The Way It Was – “Poke”

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Editor’s note: This is another column in Bill Boyd’s new series, “The Way It Was,” about growing up in Marysville. Bill continues to work with the Union County Historical Society to obtain information for his stories. With Marysville and Union County celebrating Bicentennial anniversaries in 2019 and 2020, respectively, these articles help depict what life was like in those early years.
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In the early to mid 1940s, Marysville High School had a football and basketball coach named John Ehlen. In his third year of coaching, he decided to add baseball as another sport. Several high school boys had urged him to do that, but I think a major factor in his decision was a new MHS student, a boy named Noel “Poke” Howard.
Poke lived on a farm near Woodstock, but had recently enrolled in Marysville High School. He had a reputation of being an outstanding baseball pitcher. He was so good, in fact, that Coach Ehlen believed he could build a very good team around him. And that’s exactly what he did.
MHS had no baseball diamond where the team could practice. So Coach Ehlen built one. He had sod removed in the center of the fairgrounds racetrack. Then he brought in dirt to build a pitchers mound. And voila … Marysville had a baseball diamond.
I sometimes visited that baseball diamond to watch the team practice. At first, there wasn’t any kind of backstop behind home plate, so balls were often hit or thrown out into the tall grass. That was perfect for me, because I could retrieve the balls and throw them back to the coach. You can’t imagine how much fun that was for a 12-year-old boy. I think I fancied myself as part of the team.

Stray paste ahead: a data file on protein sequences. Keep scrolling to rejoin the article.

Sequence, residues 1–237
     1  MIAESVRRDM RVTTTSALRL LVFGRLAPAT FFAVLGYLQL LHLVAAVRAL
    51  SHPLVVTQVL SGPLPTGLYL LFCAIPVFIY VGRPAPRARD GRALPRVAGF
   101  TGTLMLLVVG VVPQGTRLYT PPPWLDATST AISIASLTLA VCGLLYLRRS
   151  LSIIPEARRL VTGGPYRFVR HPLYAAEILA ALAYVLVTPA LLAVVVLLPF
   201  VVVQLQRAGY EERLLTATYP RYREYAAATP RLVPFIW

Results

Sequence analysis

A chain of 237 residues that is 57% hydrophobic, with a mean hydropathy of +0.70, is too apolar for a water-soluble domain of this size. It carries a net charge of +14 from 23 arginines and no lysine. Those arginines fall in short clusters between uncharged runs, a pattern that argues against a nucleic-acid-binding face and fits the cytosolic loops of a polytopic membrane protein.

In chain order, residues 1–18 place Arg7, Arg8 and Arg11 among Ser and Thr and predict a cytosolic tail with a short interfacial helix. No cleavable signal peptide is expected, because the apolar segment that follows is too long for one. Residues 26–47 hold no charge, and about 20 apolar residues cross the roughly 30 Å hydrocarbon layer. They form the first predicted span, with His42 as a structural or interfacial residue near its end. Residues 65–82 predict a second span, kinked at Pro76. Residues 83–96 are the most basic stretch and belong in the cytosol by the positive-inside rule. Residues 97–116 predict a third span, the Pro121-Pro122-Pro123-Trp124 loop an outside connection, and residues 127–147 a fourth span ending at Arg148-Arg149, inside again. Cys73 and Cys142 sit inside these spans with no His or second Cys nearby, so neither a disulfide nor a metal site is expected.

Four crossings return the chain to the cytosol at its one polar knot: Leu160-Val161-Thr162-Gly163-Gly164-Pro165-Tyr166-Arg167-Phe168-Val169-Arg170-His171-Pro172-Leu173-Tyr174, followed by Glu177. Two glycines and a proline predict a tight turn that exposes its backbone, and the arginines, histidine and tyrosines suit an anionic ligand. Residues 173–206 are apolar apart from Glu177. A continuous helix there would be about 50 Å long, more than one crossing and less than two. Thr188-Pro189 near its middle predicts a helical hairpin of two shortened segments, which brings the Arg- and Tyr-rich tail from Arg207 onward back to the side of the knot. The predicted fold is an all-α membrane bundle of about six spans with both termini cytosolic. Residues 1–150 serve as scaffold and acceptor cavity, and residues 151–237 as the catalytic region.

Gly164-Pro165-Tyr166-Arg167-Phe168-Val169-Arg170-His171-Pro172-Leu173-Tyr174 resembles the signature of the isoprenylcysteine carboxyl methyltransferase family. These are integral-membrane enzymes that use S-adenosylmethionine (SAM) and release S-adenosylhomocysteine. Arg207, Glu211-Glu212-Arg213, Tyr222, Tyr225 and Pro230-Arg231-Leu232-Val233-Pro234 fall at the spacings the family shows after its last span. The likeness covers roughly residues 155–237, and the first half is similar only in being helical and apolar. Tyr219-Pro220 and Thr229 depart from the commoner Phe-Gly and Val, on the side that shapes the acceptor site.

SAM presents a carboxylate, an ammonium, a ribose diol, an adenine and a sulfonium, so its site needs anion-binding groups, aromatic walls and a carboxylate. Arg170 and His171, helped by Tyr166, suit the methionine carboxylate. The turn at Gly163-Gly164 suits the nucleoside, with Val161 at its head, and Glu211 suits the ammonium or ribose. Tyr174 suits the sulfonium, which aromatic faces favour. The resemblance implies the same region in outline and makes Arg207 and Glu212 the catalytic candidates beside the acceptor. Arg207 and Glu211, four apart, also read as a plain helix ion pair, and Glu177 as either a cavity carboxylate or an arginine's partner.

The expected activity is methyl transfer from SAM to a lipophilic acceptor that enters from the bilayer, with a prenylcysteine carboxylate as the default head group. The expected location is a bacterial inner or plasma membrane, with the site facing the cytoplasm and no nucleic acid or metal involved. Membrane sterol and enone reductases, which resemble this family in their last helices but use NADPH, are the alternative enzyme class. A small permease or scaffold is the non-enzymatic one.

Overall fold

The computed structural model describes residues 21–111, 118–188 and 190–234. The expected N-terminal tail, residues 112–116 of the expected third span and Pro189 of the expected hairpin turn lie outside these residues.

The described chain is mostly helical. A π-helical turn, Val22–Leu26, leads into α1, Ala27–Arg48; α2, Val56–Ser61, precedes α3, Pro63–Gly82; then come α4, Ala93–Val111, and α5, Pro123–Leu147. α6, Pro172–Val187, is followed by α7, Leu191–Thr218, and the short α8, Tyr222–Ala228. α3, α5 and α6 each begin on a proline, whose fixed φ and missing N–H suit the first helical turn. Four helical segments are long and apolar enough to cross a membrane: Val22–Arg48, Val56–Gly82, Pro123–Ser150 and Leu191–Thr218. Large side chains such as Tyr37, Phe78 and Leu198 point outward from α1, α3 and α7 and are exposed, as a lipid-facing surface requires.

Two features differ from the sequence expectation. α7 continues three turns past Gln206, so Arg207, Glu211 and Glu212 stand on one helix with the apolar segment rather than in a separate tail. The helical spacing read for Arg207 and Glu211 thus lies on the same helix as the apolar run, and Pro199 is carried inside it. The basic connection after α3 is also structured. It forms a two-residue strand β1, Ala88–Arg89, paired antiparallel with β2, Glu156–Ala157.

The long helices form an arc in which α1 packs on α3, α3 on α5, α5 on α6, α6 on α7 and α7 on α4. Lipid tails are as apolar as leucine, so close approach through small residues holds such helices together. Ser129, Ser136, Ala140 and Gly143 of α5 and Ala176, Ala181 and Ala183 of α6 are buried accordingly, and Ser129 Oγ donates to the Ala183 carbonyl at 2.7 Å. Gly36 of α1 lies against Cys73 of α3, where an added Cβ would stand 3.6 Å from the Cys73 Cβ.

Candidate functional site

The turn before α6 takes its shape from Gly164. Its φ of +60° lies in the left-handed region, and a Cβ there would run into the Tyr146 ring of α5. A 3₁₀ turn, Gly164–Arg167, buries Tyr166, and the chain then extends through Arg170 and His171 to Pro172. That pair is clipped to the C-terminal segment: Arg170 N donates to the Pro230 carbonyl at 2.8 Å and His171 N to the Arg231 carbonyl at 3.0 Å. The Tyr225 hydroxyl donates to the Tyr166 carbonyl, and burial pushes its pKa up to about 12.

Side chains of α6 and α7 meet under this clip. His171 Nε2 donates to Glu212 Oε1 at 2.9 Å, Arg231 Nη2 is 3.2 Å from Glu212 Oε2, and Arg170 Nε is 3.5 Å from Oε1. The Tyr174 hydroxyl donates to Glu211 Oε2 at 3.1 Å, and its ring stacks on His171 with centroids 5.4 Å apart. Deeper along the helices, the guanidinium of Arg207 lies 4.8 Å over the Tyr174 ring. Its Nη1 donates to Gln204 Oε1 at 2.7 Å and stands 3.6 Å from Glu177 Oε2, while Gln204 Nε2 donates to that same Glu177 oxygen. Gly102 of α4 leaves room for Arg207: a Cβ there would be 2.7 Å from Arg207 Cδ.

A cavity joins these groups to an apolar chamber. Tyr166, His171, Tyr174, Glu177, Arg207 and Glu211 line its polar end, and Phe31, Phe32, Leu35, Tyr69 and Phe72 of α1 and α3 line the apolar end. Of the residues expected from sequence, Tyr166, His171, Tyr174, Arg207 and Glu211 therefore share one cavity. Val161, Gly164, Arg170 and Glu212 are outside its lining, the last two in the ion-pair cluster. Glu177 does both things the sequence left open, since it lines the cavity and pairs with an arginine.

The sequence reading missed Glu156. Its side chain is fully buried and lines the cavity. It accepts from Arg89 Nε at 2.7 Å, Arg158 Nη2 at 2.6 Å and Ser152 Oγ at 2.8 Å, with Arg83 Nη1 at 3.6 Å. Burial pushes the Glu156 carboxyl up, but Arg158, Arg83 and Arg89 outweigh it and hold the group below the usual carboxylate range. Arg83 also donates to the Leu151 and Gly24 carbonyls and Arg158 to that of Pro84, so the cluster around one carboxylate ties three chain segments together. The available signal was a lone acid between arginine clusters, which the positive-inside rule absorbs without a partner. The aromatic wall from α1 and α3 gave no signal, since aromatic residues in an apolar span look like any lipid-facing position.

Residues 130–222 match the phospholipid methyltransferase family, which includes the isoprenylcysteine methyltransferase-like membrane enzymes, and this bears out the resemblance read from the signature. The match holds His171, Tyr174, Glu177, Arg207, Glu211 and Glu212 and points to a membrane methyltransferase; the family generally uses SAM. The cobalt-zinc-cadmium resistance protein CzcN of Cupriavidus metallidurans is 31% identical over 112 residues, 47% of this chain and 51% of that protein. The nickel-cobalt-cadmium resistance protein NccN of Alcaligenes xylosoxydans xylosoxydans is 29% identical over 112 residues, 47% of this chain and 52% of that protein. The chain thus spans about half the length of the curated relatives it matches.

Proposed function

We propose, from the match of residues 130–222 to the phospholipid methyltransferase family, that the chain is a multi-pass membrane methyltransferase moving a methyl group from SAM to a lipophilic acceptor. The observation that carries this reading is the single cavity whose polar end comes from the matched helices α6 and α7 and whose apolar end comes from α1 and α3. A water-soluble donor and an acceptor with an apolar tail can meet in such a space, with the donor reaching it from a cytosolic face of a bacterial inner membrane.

The school’s athletic budget in those days was pretty slim. In fact, it was so slim the team didn’t have uniforms, but they all dressed alike, in blue jeans and sweatshirts. What they lacked in appearance, however, they made up for with their play. There were no records kept of the game scores, but they did really well, thanks in large measure to Poke Howard.
As much as I was impressed with his pitching skills, I was impressed even more with his sense of humor and his demeanor. He could make friends with just about anyone. I don’t think I ever met anyone who didn’t really like Poke.
The boy who played first base on that team was Bob Shanks. He and I worked together at Scotts for years. He still lives in Marysville, and I talked with him recently. His favorite memory of Poke wasn’t on a baseball diamond. It was in Poke’s car following a game the team played in Columbus.
Poke, Bob and three other hungry players pulled into the drive-thru of a White Castle restaurant. As they waited in line, Poke started wondering about what was the largest order ever placed at a White Castle drive-thru. Then he decided to go for the record. When it was his turn, he ordered 100 hamburgers. That’s right … one hundred!
That was pretty pricey, for I think those hamburgers sold for about 8 cents each. The five boys came up with $8, and Bob told me they eventually ate them all. It took quite a while, but they did it. The last ones were finished off after they were back in Marysville.
When Poke graduated from MHS, he went to Miami (Ohio) University, which had an excellent baseball team. He became the pitcher on that team. Their biggest game of the year was with Ohio State, which also had a very good team. OSU had a highly regarded pitcher named Pete Perini, who was also a star on the football team.
That OSU-Miami baseball game was billed as a “pitcher’s duel,” and it turned out to be exactly that. It was “Pete versus Poke,” and in the end, Poke won 1-0.
A bit later, Pete pitched for the Boston Braves, and Poke went to Detroit for a tryout with the Tigers. They liked Poke’s pitching, and they signed him. He played for their farm team until he was injured, and his baseball days were over.
Today, there are still people who remember Poke Howard as a very good pitcher. But when I think of him, the first thing that pops into my mind is the thought of those five boys sitting in Poke’s car eating all those hamburgers. They must have been really hungry.
Those wishing to contact Bill Boyd can e-mail him at bill@davidwboyd.com



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